At more or less the same price, MIKE WEIR looks a far more reliable proposition. The Canadian is bidding for his third title on this course, having won the Nissan Open in 2003 and 2004. Disappointments since then can easily be ignored, as this last six months have seen him in better form than at any time since that peak period. He may well have won last week’s event had it not been curtailed a day early, but nevertheless, that runners-up spot makes it four top-4s and seven top-10s from his last nine outings. A record like that represents each-way value at its best.
 
With non-Americans filling over half the places here in the last five years, three of the other four places in the staking plan go to overseas players, all around the same price. ROBERT ALLENBY won here back in 2001, and has made the top-7 in three of the last four years. Nobody has been more consistent in terms of greens in regulation over the past 12 months, and it seems ridiculous that this once-prolific worldwide winner hasn’t landed a title in over three years. There must be a fear that he’s forgotten the art of finishing the job, but even taking that into account, 40/1 represents outstanding each-way value on one of his favourite courses.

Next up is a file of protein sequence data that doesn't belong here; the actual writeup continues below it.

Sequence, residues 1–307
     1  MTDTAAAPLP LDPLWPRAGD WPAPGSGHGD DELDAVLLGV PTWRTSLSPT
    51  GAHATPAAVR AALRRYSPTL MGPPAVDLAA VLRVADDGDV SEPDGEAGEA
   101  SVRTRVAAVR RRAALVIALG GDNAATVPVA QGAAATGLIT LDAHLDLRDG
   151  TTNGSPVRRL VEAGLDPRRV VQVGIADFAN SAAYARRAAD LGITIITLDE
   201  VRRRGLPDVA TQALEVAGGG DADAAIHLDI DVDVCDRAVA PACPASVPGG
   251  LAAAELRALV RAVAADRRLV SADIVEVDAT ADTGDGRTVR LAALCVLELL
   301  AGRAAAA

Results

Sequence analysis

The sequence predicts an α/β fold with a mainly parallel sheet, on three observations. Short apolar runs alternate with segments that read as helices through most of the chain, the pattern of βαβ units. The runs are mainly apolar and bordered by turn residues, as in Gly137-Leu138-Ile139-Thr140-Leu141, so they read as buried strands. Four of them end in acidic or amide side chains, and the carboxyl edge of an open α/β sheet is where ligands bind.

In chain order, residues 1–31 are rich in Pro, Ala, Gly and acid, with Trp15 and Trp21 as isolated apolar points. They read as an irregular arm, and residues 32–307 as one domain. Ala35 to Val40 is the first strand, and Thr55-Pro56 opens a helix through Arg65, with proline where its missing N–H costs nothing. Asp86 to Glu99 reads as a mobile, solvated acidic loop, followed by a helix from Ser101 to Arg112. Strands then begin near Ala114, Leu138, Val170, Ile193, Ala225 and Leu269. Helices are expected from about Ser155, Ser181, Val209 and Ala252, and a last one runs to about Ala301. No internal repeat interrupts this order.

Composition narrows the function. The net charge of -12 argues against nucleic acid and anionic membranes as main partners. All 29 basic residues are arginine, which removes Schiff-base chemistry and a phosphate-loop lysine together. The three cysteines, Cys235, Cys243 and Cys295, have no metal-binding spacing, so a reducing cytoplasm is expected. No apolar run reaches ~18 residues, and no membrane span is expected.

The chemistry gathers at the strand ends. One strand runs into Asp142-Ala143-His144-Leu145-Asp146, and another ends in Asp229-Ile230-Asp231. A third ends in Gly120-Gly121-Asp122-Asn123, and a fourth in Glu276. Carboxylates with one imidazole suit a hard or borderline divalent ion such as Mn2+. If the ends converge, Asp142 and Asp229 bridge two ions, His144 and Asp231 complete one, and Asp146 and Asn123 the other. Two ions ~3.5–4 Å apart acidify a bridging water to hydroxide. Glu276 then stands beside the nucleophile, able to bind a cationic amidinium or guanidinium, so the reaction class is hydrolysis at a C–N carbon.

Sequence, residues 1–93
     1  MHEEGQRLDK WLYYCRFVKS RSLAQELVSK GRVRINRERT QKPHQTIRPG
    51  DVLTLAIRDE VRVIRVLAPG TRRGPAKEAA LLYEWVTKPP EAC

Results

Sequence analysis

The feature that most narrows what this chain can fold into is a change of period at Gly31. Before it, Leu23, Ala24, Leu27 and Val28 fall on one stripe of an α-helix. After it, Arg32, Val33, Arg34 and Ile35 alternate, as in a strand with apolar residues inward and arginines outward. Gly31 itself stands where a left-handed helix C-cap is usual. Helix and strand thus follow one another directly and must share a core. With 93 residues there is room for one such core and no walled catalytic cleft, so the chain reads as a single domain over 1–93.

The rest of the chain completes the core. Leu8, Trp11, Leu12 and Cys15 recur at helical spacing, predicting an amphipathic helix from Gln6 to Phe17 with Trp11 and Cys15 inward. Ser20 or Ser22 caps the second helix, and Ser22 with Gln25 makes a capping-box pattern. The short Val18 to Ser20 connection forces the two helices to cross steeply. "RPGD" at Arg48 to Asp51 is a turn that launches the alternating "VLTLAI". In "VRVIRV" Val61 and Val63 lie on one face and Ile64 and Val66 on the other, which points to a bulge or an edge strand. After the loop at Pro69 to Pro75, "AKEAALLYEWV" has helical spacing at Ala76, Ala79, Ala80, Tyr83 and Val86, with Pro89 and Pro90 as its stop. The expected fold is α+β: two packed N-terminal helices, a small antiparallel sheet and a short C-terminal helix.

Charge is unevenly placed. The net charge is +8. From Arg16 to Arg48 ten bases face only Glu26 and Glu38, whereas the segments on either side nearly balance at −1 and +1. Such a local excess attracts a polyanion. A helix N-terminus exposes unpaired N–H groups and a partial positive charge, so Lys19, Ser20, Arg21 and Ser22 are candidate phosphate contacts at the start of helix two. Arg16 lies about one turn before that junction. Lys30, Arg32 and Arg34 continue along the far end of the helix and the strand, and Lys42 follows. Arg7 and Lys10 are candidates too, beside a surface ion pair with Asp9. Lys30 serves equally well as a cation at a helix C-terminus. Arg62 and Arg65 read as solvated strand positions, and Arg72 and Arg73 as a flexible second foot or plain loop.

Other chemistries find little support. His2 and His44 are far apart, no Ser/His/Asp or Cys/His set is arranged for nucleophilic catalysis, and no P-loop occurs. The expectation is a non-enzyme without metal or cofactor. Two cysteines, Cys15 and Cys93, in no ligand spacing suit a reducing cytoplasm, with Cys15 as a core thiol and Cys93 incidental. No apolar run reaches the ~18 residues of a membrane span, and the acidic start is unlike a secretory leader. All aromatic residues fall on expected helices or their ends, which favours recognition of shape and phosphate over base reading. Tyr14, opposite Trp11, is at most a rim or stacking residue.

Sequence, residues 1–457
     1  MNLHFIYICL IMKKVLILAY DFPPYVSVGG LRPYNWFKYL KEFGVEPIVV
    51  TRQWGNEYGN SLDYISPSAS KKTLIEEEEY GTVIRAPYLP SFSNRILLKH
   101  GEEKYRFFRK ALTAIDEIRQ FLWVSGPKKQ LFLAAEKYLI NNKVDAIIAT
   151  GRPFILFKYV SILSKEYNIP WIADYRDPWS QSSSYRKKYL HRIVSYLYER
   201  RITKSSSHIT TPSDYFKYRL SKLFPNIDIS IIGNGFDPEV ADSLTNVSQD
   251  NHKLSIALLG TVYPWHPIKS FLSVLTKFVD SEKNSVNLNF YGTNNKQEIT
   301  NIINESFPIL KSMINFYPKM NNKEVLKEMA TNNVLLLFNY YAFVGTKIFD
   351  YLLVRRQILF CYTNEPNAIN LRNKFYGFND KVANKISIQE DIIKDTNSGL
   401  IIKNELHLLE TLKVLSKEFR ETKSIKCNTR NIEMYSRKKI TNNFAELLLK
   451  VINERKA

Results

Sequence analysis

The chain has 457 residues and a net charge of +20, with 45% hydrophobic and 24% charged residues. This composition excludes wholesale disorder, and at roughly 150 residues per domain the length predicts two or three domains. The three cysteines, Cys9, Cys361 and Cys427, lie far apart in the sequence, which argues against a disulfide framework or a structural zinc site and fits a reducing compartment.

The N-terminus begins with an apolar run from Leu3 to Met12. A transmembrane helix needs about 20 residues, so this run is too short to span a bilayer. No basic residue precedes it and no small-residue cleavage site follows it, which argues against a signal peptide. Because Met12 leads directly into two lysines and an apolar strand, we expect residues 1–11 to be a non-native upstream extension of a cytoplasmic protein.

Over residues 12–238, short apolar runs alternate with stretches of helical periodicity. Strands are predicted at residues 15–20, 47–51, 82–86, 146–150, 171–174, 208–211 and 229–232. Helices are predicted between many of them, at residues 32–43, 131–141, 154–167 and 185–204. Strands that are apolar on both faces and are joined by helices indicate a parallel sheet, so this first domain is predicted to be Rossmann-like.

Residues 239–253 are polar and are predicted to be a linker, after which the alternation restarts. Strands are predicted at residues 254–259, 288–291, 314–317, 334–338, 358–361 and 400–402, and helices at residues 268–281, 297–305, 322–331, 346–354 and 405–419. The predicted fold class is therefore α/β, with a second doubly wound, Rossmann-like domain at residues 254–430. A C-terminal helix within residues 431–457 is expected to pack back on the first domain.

Fellow Aussie AARON BADDELEY has shown promise at Riviera without matching Allenby’s record, but does strike me as someone who will master this course as he gets to know it better. He’s repeatedly prospered on one of the few other PGA Tour courses with small greens, Harbour Town Links, and a couple of top-15s here point to success at some stage. Two of his last four efforts, at Torrey Pines and in Qatar, have been notably promising, and it appears that Badds is coming right back to peak form after missing the winter period for the birth of his first child.